In an incredibly dangerous challenge, Alison Teal surfed toward the base of the cliff where waterfalls of lava are flowing into the Pacific Ocean at the southeastern coastline of the Big Island, turning the water upwards of 2,000 degrees. (Teal obtained permission from local Hawaiian families to film the feat.) The lava produces steam, but also becomes explosive as the burning lava turns into solid rock, which can then become hardened molten missiles. Teal said that surfing toward a lava flow falling into the Pacific has been a dream of hers since she was a child (and she is no stranger to Hawaii. Her parents, who watched safely from cliffs overlooking the scene, are National Geographic photojournalists.) Kilauea has been erupting for 33 years and remains one of the most active, but it has been three years since the last flow of lava hit the beach and this event has been anticipated for weeks.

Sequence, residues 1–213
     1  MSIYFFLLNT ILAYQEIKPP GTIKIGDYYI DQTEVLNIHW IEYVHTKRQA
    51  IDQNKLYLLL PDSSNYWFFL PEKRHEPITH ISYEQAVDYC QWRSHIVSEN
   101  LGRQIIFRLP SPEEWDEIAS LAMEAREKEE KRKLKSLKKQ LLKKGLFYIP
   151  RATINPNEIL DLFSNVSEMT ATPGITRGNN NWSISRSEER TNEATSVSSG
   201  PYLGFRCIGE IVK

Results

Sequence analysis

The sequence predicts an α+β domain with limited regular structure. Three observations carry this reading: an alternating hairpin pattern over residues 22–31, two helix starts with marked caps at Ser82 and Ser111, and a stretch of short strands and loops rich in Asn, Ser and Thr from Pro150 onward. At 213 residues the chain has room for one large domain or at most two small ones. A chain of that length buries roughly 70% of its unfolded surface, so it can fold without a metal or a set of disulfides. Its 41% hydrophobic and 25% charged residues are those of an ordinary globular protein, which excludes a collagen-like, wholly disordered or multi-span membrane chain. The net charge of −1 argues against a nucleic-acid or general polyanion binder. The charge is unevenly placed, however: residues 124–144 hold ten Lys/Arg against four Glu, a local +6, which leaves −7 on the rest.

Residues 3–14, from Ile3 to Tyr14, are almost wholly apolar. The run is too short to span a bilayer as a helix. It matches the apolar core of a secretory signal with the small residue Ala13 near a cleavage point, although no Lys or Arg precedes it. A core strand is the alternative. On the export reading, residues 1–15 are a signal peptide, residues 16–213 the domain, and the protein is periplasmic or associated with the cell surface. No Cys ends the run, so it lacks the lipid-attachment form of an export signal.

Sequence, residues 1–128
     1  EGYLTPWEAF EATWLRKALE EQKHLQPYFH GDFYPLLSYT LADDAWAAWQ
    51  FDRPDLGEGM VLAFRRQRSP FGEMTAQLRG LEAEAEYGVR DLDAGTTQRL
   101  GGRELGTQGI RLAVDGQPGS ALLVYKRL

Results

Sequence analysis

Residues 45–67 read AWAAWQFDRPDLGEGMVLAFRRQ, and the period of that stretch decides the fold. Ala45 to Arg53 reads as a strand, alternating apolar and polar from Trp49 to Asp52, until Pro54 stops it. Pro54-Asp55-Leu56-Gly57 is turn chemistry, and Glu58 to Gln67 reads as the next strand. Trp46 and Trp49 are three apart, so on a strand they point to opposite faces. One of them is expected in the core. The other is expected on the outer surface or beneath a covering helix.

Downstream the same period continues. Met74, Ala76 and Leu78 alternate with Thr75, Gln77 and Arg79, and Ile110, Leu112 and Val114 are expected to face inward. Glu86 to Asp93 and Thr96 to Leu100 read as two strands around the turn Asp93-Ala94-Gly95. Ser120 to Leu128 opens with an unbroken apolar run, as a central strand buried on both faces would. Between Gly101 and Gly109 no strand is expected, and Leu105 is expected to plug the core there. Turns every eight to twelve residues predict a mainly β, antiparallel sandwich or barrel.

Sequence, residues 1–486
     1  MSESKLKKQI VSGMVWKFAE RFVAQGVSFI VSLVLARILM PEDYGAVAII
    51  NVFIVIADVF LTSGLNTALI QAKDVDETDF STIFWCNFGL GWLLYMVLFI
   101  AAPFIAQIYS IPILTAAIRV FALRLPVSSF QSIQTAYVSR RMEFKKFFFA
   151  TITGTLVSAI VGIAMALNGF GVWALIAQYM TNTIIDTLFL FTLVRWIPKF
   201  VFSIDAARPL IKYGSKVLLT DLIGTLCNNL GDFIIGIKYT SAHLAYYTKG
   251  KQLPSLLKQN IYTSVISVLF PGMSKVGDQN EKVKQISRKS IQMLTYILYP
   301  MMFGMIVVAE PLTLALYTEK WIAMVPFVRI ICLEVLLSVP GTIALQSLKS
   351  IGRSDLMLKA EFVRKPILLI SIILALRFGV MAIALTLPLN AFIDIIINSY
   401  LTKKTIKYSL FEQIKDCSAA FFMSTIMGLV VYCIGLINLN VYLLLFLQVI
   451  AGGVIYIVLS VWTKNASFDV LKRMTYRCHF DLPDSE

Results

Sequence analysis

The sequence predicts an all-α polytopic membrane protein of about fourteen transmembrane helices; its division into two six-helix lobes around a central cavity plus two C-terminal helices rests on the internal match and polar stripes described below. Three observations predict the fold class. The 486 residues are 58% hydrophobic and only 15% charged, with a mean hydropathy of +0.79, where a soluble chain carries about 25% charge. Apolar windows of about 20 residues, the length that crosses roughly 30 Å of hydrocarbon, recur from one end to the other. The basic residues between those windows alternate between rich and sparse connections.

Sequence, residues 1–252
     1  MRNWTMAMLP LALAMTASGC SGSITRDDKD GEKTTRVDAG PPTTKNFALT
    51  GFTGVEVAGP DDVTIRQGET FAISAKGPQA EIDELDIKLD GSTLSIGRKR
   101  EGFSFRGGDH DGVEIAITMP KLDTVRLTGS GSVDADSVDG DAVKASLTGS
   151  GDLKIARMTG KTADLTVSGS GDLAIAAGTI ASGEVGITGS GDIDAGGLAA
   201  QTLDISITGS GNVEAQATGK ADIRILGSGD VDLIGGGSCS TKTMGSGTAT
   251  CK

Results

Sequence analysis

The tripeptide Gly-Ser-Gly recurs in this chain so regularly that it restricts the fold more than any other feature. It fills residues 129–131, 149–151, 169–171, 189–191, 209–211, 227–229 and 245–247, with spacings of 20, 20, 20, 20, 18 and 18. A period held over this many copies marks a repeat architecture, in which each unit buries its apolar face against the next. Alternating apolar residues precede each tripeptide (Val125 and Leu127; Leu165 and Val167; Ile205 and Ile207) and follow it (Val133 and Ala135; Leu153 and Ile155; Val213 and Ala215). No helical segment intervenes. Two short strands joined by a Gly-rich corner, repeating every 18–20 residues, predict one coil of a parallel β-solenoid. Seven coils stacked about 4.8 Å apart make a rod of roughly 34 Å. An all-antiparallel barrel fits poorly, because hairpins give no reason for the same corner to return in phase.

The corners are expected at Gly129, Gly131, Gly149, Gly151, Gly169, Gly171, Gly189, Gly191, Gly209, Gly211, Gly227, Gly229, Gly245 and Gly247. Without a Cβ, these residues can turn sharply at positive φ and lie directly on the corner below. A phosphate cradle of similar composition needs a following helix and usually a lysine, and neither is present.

©2016 Virginia Williams
Update on Pokémon: The game is getting tougher. Who knew you’d need math skills to play this game? I’m at Level 15 – 61 virtual characters of 143.